19. sidewinder macrumors 68020

    sidewinder

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    Northern California
    #19
    I have no idea what this means.....

    S-
     
  20. Dr.Pants macrumors 65816

    Dr.Pants

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    Jan 8, 2009
    #20
    Just throwing this out there - Potentially, I could attach a computer to the Pro and use ATA over ethernet, and the other port I could connect to my local network which goes to the internet?

    Save on a RAID card...
     
  21. RedTomato macrumors 68040

    RedTomato

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    .. London ..
    #21
    Not quite. You're describing a network fileserver e.g. another computer with a bunch of files on it, which it sends to you over your local network. This isn't particularly fast - gigabit ethernet is better than older types of ethernet, but it still won't beat local storage.

    A RAID card in your Pro will connect via SATA to a bunch of directly attached drives and gives stupendous speed.

    You are highly unlikely to need one anyway, you've got space for 4 drives in a Mac Pro, which can be RAIDed in various combinations, sizes and speeds. Putting in 4 x 1.5TB is 6TB which is enough for most people.

    Another use for dual ethernet ports is for labs and companies with lots of Mac Pros - 3 to 20 000 (!) of them. Unused Mac Pros (e.g. at lunch or night time) can be used for rendering / CPU processing work. This can involve transferring huge quantities of data. One ethernet port connects to the render server, and the other ethernet port connects to the office network.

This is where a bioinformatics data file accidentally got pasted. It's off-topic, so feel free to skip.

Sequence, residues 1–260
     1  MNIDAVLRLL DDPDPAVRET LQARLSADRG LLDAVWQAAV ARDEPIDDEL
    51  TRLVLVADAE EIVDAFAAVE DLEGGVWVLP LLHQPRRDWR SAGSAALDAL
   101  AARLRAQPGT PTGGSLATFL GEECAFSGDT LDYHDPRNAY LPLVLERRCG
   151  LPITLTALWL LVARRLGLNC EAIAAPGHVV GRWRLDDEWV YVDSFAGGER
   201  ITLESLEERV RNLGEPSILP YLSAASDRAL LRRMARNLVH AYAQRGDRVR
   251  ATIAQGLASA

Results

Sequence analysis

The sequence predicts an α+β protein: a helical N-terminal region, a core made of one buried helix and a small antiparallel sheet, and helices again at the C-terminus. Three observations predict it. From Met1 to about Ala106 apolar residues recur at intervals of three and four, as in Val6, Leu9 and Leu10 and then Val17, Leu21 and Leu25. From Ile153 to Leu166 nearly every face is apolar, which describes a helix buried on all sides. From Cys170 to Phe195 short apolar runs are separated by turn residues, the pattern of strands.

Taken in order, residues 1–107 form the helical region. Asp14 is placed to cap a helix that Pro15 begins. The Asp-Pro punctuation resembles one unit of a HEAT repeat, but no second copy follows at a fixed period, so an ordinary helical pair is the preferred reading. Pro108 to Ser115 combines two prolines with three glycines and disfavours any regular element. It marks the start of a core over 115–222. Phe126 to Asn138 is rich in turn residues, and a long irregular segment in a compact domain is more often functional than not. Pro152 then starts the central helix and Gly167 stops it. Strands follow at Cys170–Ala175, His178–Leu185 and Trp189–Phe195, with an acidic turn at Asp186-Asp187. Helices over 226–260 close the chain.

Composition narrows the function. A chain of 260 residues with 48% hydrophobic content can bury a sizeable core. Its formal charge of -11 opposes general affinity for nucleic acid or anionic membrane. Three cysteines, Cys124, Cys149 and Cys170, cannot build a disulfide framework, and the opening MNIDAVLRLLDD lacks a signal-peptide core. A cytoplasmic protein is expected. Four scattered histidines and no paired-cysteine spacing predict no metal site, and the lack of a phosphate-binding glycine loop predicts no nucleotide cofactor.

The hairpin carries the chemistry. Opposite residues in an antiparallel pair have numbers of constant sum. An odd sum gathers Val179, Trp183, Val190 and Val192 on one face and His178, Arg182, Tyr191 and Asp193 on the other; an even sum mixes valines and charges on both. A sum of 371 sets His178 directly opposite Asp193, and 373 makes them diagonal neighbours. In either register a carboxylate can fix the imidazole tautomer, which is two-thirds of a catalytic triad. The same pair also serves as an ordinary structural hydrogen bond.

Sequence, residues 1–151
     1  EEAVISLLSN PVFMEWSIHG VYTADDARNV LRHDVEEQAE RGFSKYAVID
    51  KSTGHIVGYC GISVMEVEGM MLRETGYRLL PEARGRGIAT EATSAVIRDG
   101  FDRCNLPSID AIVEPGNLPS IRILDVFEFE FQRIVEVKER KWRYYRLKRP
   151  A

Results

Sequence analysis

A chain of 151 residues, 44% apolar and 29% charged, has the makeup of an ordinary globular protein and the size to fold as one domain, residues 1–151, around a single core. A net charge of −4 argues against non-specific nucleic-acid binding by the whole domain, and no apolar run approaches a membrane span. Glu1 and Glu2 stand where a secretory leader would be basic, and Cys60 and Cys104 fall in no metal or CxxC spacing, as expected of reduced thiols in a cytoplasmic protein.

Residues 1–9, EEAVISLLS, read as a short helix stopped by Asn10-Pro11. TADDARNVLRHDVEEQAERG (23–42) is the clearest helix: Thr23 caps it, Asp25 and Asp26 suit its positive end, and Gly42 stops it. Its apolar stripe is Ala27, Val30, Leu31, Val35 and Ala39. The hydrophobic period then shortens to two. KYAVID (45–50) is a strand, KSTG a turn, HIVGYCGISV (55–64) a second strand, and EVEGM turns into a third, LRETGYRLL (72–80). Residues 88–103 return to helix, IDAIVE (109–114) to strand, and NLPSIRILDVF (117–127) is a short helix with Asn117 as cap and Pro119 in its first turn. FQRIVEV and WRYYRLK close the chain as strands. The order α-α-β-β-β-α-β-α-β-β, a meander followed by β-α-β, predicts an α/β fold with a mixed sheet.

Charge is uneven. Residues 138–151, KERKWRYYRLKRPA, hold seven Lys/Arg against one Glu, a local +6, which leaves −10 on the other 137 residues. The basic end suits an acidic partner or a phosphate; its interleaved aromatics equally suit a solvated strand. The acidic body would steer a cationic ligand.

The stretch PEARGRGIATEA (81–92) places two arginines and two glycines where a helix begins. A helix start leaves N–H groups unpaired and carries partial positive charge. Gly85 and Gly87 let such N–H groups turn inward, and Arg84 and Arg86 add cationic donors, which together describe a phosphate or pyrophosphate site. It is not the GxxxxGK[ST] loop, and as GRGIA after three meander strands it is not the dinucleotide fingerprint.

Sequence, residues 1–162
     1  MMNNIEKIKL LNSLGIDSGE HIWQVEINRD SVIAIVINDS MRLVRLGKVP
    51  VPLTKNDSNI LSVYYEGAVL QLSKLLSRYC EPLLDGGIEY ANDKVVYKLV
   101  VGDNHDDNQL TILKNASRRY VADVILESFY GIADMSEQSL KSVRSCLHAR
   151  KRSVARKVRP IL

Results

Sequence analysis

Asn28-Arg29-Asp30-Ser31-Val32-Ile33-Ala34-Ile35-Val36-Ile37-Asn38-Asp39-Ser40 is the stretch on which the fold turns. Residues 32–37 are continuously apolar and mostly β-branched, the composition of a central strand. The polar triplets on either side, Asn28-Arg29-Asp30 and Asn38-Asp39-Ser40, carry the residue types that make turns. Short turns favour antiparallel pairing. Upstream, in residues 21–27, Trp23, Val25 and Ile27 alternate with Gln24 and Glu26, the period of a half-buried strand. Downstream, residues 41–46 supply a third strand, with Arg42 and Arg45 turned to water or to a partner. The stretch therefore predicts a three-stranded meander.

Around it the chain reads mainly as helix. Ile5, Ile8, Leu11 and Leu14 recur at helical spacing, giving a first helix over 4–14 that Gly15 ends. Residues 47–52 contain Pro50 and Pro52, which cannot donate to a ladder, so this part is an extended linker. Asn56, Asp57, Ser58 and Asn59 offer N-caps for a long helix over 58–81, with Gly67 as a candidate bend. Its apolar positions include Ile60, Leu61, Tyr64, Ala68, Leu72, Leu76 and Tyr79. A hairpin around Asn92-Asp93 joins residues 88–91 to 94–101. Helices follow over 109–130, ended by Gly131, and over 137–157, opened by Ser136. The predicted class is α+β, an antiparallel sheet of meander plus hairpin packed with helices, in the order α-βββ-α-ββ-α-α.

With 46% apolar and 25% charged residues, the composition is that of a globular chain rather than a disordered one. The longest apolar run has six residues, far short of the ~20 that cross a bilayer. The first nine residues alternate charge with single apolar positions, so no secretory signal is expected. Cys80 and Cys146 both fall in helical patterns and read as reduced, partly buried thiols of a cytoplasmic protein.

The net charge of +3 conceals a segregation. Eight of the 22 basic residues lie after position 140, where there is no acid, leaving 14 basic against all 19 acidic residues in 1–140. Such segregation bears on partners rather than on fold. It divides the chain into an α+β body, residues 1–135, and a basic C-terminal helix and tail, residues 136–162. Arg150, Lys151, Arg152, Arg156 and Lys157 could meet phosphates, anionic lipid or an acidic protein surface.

The advantage of giving the render farm its own network is the data transfer can be done without impacting on the office network.

    Hope this clarifies a few things.
     
  22. dr. shdw macrumors 6502a

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    Aug 27, 2008
    #22
    Does anyone know if the two ports can load balance if you're running say Leopard Server?
     
  23. Dr.Pants macrumors 65816

    Dr.Pants

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    Jan 8, 2009
    #23
    Thanks RedTomato, that really does clarify a lot... Sorry, budgeting crises is all.
     
  24. hugodrax macrumors 6502a

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    Jul 15, 2007
    #24
    dont bother, your router is enough. you will not even hit the 100mbit cap on your ethernet anyhow.

    Keep it simple, just plug it into your router and you are fine.

    I have it plugged into my cisco ASA and its 100mbit
     
  25. rastersize macrumors member

    Joined:
    Apr 9, 2008
    #25
    I'm using both of my ethernet ports as one (server version of Leopard not required). What you need is a switch that supports IEEE 802.1AX (previously 802.3ad) aka link aggregation. Search for it on wikipedia. And by the way, the switch needs to support the LACP "version" of the standard.